This exerts a high price, especially among the more principled chiropractors who would never conduct themselves in such a manner among friends or loved ones. But they learn to compartmentalize their feelings, assuming that the chiropractic coach they're paying knows better. Apparently, this is what you must do to be successful in chiropractic, they reason.
Saving Patients From Themselves
Here's a revolutionary idea. How about showing up as a humble servant and facilitator, rather than someone emotionally invested in the choices a patient makes? What if you honored the patient's choices, even if they weren't the choices you would make? What if you were compelled to help patients get what they want, rather than pressuring them into what they need?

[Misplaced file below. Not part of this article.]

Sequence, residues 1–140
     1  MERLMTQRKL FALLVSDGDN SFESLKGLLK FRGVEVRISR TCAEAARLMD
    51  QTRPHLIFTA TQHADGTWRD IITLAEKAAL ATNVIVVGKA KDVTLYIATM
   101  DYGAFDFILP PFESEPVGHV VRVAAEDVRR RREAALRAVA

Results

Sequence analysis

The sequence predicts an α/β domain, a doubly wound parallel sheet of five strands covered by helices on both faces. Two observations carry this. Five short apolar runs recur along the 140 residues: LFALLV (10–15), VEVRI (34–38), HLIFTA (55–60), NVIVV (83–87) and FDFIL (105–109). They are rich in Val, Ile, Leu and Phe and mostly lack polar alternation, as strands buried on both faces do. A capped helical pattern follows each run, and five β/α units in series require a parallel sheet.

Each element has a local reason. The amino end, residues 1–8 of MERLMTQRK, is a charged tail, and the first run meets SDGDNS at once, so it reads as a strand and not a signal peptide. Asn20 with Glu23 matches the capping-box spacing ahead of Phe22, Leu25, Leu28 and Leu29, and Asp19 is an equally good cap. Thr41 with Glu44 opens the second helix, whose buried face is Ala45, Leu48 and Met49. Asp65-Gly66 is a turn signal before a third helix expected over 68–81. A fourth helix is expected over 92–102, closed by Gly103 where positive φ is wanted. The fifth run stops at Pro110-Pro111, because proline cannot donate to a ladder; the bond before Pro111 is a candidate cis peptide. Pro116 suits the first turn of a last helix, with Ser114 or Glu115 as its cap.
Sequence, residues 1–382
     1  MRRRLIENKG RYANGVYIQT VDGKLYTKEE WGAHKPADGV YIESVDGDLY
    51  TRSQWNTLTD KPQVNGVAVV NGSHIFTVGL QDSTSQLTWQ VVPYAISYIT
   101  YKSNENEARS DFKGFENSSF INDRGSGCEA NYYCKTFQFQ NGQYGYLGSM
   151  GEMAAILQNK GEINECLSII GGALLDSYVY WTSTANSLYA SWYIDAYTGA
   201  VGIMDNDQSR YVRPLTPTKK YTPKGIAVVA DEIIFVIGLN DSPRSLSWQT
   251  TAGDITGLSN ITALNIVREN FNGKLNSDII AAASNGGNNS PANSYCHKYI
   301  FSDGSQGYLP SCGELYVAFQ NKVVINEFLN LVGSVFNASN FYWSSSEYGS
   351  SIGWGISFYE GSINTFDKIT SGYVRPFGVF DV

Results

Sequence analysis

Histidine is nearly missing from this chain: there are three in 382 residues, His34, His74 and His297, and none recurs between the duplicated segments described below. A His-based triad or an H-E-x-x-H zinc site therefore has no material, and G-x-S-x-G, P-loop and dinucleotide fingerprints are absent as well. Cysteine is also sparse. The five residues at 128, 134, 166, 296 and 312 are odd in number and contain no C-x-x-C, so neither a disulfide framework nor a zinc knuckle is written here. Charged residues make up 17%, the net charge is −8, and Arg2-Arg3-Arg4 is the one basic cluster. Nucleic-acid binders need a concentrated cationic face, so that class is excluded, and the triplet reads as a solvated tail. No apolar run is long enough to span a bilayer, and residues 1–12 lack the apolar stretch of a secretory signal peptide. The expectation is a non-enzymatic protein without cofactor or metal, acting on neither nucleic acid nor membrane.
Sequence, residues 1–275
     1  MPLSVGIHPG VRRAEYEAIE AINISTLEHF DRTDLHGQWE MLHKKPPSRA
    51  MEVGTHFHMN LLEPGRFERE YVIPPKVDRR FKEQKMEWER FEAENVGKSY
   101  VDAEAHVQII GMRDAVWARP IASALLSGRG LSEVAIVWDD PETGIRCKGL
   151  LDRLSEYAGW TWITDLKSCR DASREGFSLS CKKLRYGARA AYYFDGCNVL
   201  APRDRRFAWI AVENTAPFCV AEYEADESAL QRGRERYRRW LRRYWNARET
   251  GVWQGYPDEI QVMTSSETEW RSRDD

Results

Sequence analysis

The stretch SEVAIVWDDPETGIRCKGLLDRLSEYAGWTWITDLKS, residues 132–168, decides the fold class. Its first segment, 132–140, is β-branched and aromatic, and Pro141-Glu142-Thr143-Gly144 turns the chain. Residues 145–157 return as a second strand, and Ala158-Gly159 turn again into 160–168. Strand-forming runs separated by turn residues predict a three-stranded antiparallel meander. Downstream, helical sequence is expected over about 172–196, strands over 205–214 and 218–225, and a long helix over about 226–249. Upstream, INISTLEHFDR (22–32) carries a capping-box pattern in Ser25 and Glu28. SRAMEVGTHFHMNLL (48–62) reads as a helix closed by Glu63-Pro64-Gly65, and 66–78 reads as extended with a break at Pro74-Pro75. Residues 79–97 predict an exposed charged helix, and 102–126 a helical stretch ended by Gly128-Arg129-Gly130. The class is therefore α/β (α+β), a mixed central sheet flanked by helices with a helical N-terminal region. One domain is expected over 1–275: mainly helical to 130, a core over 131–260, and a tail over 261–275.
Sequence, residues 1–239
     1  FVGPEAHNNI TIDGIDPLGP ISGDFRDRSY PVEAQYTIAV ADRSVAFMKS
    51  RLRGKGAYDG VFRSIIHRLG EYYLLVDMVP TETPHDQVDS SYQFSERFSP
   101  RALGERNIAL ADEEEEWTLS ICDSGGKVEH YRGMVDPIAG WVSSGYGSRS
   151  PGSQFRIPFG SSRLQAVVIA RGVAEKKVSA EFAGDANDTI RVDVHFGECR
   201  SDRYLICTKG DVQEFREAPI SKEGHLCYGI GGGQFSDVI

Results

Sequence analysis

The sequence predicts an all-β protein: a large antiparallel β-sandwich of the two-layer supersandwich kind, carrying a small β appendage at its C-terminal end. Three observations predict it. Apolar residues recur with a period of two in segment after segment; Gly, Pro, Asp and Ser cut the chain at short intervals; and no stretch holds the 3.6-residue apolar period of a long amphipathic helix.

"But no one would show up and my spouse would divorce me, and I'd end up living in a cardboard box under the bridge!"
I doubt it.
Being overly invested in outcomes outside your control reminds me of two relevant analogies. The first is a cluster of ants on a log, floating down a river. Each ant thinks they're steering the log! The other is the habit of those who can't sleep on an airplane. They remain awake, even on a grueling 14-hour flight to Australia, imagining that their wakefulness is helping keep the plane from crashing.
This massive self-effort often manifests as micro-managing patients with the expectation that it will somehow compel patients to make the "right" choices, improve retention and increase the likelihood of the patient embracing wellness care. Helicoptering over patients, slapping diet sodas out of their hands and reminding them to lose weight and stop smoking rarely produce the desired effect. Usually the reverse. Instead, it's proof of your poor boundaries and an ego inappropriately linked to what patients do.